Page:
The engine upgrade is arguably the least important aspect and probably only there for bragging rights. Or as an excuse for a badge with a nice round number (it's 400 metric horsepower, or 294kW).

The extra power's all up top and the torque has remained the same at 460Nm. What it does offer is a most excellent soundtrack through those central pipes: more urgent and emotional than the regular V6, but not totally disruptive like the window-shattering V8 version.

Intimate cabin; dark tones get a pop-of-colour with 400's yellow stitching.
DAVID LINKLATER/STUFF

Intimate cabin; dark tones get a pop-of-colour with 400's yellow stitching.

Still, the configurable chassis and big-boy brakes are really the key to this car's driver appeal.

The gurgle-and-go blown V6 and tremendously slick eight-speed automatic now have a more nimble chassis to work with on winding roads. The layout of the F-Type is still pretty old-school: the bonnet is long, the driver sits very low and as far back in the wheelbase as possible. It's quick, nimble and very satisfying.

No lightweight, though: the F-Type is still a hefty 1700kg. But those kilograms don't seem to dull the driving experience, which is agile and involving. There might be a lot of weight, but it's distributed just so.

The cabin is nicely finished and offers an appropriately intimate ambience, with plenty of tactile stuff to feed the sports-car-fan's imagination.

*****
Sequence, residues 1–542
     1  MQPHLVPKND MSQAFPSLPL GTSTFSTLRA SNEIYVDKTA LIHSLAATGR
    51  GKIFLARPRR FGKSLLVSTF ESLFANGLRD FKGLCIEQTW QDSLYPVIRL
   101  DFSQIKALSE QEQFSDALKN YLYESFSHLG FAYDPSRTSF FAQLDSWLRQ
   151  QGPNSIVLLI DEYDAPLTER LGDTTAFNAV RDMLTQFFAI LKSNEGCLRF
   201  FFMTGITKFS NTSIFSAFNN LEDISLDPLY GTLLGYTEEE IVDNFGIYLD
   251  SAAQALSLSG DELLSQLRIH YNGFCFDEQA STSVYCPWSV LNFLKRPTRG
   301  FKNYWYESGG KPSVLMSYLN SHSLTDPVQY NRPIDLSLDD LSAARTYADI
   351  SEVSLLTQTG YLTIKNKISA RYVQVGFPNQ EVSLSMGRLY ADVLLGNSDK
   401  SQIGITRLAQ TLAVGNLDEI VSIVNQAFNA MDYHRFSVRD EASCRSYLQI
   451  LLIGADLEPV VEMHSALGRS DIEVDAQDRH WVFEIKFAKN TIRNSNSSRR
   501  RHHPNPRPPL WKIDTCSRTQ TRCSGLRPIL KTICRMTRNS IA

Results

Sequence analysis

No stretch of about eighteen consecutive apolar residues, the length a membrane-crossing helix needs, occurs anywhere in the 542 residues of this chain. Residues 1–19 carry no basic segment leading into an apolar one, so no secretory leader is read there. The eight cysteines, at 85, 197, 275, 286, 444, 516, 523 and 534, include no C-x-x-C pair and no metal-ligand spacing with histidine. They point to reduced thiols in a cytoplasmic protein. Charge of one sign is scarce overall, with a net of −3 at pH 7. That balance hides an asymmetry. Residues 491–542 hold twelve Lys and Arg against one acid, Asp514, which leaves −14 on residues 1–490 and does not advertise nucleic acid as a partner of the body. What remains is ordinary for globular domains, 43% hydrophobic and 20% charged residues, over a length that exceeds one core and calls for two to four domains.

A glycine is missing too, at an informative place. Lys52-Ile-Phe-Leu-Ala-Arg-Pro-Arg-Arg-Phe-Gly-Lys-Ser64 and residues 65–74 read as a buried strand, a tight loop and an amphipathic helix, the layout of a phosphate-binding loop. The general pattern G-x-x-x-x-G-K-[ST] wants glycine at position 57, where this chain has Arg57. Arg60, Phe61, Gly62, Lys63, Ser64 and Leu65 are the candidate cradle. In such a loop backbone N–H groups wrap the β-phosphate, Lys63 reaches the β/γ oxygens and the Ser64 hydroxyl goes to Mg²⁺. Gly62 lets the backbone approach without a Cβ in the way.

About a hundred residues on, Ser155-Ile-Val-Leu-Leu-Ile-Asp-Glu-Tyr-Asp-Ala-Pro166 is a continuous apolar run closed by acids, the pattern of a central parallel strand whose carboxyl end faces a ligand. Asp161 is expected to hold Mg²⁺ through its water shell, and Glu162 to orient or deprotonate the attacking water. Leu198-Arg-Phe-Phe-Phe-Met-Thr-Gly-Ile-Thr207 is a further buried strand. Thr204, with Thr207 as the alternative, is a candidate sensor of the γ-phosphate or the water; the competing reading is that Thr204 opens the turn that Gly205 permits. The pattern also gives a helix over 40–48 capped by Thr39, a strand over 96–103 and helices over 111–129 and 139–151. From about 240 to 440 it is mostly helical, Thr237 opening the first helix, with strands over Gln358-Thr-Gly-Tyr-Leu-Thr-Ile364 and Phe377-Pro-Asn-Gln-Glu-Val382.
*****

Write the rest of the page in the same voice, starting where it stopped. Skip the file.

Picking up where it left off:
Jaguar Land Rover (JLR) is continuing apace with its own multimedia operating system and the 400 Sport gets the latest Touch Pro setup, which looks gorgeous but still seems to lack a little processing power: the screen is responsive some tasks do see to drag on. Mobile phone connectivity isn't nearly as slick as rival systems that have Android/Apple phone projection (that's nearly all of them, by the way).

As is often the case with Jaguar, it's the options that irk: stuff that comes standard on many mainstream models is extra-cost on the 400 Sport. If you want blind-spot monitoring and reverse sensing, that's $1450. Power tailgate: $1000. Tyre pressure monitoring is another $1000. Seriously.

But these are Jaguar complaints rather than 400 Sport-specific ones. As F-Types go, this is a great package of enhancements at a logical price premium.

Sure, it's nothing you couldn't cook up yourself after a bit of time with the options list, but it'd cost a lot more and get a bit of extra street-and-track cred with those chunky yellow badges. A bit of an advantage at resale time as well, because a factory-produced special-edition will carry a lot more value than a bunch of buyer-chosen options.

If your F-Type is part of a stable, it'd be totally natural to go for the V8. It's hard to resist all that aural drama and extreme straight-line performance… in short doses.

But if your F-Type is a daily driver, or you prefer your Jaguar to be more sports car than tarmac-shredder, this 400 Sport could well be the pick of the bunch. You should certainly try before you buy anything else in the range.

 - Stuff